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It feels like many of the collections this season saturated by a certain sense of doom and gloom, so it was nice to be thrown a joyful, upbeat curveball. Having established a business that ticks over safely with his distinctive approach to tailoring, Thom Browne’s shows have seen him indulge in increasingly outlandish flights of fancy: this time, he chose the neoclassical surroundings of the École des Beaux-Arts on the Left Bank, giving its central hall a radical makeover.
Artificial turf was divided up with picket fences, garden gnomes and Wendy houses, while giant helium balloons floated above: a suburban children’s birthday party on LSD. The first model emerged in a conical dunce hat and fake beard pushing a lawnmower, and another rolled a wheelbarrow stuffed with flowers that he handed out to the front row — it had an innocent playfulness, but also a sinister edge.
The clothes were equally mind-bending. To pick out just a few of the myriad ideas Browne explored: Dick van Dyke tailoring with preppy white piping, rock candy stripes and ginghams recreated with fur, and platform brogues in various sickly sweet shades. The Surrealist canon was clearly an influence here. Prints of lobsters and crabs were likely a nod to Elsa Schiaparelli, while the round-frame glasses and straw bowler hats recalled the hyperreal visual non-sequiturs of René Magritte.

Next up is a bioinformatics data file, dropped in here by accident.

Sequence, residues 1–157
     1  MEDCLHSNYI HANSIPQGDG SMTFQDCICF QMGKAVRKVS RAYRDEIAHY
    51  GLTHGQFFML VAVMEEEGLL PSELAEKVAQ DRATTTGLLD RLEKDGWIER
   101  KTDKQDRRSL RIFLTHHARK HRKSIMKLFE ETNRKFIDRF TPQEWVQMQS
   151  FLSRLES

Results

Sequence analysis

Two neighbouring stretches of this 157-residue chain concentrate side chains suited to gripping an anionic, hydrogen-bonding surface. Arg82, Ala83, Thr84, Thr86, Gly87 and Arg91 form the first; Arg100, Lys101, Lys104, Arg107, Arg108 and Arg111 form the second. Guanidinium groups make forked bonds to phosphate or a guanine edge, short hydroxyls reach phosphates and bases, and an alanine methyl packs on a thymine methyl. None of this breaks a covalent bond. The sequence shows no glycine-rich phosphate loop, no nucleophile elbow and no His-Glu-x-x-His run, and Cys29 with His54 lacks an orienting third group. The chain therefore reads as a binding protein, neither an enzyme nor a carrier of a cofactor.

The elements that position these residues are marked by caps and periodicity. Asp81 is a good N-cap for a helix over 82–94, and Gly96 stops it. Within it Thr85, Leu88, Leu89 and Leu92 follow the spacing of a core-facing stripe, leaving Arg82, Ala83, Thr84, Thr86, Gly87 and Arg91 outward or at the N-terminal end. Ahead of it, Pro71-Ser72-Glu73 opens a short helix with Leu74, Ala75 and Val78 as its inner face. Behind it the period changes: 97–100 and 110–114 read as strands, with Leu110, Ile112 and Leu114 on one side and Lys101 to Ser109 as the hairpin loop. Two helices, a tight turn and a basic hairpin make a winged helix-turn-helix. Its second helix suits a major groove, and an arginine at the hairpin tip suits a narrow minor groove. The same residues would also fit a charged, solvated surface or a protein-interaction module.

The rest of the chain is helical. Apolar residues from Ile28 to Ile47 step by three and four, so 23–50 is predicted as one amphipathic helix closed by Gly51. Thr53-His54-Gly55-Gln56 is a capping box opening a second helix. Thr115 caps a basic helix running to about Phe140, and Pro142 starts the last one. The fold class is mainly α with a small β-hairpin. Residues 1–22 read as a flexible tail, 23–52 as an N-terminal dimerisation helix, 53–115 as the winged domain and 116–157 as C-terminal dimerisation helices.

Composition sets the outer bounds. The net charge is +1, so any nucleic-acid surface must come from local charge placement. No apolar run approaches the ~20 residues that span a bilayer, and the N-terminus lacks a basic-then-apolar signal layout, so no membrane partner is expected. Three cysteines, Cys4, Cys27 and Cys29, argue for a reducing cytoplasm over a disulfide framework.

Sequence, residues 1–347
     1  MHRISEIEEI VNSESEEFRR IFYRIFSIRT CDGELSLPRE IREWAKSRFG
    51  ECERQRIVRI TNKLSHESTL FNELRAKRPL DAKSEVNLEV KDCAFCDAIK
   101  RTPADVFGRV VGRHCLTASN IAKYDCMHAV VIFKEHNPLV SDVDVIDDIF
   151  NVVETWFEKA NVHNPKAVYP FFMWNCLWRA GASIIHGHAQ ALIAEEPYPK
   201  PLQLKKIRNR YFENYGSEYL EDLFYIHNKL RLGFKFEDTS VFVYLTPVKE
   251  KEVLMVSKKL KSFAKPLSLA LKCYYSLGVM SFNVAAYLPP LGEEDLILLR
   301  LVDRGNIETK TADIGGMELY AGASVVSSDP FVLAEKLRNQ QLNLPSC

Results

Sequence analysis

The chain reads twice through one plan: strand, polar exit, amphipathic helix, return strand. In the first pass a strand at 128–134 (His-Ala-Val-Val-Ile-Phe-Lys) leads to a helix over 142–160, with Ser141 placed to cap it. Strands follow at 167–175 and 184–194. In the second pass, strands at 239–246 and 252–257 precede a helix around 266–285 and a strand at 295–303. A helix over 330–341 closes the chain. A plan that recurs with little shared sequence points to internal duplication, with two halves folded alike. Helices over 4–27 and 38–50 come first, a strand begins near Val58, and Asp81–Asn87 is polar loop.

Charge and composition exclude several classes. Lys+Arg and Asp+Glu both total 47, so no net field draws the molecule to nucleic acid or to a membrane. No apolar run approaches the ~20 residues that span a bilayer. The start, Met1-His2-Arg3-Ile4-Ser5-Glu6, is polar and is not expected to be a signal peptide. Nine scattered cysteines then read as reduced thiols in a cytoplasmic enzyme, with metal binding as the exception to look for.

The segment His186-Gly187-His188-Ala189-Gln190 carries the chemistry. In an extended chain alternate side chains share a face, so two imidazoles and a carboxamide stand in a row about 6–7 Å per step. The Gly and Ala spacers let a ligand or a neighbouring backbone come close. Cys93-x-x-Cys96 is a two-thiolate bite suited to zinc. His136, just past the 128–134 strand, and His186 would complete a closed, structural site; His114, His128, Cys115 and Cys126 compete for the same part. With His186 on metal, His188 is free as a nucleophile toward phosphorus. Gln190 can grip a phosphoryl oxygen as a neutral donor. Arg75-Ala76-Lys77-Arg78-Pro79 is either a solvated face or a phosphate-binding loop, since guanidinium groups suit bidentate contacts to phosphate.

While it might sound weighed down with references, it was all delivered with a nod and a wink. The finale saw the models walk out in pairs holding hands, a romantic moment that was endearingly goofy. Many designers are reappraising what it means to be a man, and in the wrong hands it can often feel false or overwrought. Thom Browne’s lightness of touch made it a welcome dose of fabulous frippery.
GALLERYCatwalk looks from this show